Due to a variety of reasons, I was not on set during the filming of God Bless the Child — I was not initially going to be a part of the project, I had other work; they are in Davis, California and I now live in Pittsburgh, Pennsylvania; it was summer time and I had my own family responsibilities, etc. The film was being shot in small two and three-hour segments from late May until mid-September. They already had a producer with all the skills to work on set, Rob Thomas, and as seasoned DIY filmmakers, Robert and Rodrigo really can do every job themselves. They had brought on a summer intern, Kirstin Anderson, who proved so critical that they made her an Associate Producer, a title she well deserves. But I came on in full force vie the internet and cell phone in July. I spoke and communicated via email with them about how to shoot the end; I watched endless clips and got some of my super talented friends to provide feedback. I watched a ton of cuts, easy enough to do whether you are there in the room or far away. There is ton of work to do on a film once it is in post production. And I love post. I mean, really love it. It is like magic to me.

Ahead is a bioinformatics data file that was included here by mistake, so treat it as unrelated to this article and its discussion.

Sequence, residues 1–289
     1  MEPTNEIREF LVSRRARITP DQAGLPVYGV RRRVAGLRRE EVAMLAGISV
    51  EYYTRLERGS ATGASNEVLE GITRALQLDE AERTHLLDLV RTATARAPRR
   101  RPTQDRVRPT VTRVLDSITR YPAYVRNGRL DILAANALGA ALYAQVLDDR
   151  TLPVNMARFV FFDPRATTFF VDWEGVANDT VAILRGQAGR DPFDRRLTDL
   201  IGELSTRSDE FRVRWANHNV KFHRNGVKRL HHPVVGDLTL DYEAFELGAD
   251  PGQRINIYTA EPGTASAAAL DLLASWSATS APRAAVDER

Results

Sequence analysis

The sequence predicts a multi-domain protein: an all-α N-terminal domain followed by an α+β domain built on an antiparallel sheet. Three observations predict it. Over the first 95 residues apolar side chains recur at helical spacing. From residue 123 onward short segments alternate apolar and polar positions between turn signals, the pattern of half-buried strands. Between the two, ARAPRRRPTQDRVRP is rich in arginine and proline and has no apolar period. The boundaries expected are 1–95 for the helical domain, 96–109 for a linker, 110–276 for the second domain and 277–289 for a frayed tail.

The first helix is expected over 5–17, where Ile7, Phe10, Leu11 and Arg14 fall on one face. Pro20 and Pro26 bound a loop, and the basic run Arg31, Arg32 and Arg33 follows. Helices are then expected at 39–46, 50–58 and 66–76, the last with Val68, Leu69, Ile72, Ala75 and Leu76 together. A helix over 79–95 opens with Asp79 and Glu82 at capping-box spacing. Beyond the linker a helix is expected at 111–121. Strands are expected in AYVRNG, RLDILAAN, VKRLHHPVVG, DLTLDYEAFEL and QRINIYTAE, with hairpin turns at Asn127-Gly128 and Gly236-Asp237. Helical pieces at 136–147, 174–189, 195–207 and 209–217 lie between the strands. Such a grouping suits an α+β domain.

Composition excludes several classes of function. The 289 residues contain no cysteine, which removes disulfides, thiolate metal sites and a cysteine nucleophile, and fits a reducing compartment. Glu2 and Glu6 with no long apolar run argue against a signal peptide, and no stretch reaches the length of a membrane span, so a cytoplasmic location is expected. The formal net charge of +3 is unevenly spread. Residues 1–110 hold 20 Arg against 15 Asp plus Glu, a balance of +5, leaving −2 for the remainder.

I knew about a number of grants we should apply for, and we did those together. (God Bless the Child received a substantial and critical post-production one from the San Francisco Film Society’s Kenneth Rainan Foundation last fall.) There are a zillion festival applications to complete. I have been with them through the pain of getting the finished film right, difficult moments where things weren’t working correctly, some painful bumps, rejections and setbacks along the way. The amount of work leading up to a festival premiere is huge. Granted, Robert and Rodrigo have done the bulk of the work themselves (those two are dynamos), but I have done my best (with superstar Rob Thomas who is also based elsewhere, in Minnesota) to make it easier for them.
When there was this controversy surrounding two of Boyhood‘s producers being denied producing credit when the film was nominated for its Oscar, my own little indie producer cheeks burned. Two of that film’s producers, highly-influential ones, Jonathan Sehring and John Sloss, had been a part of the project since its inception but were not on set through the course of the 12 years. Does that make them any less producers of the project? I don’t think so. The Academy apparently did. While not Boyhood, God Bless the Child had an extended shoot of almost five months. It would have been pretty difficult to have been an on-set producer even if I wanted to. Our budget was tiny; just the cost of me flying out there and back would have been a waste of funds we hardly had. Email and Skype and iMessage and the good old fashioned telephone get me there, too.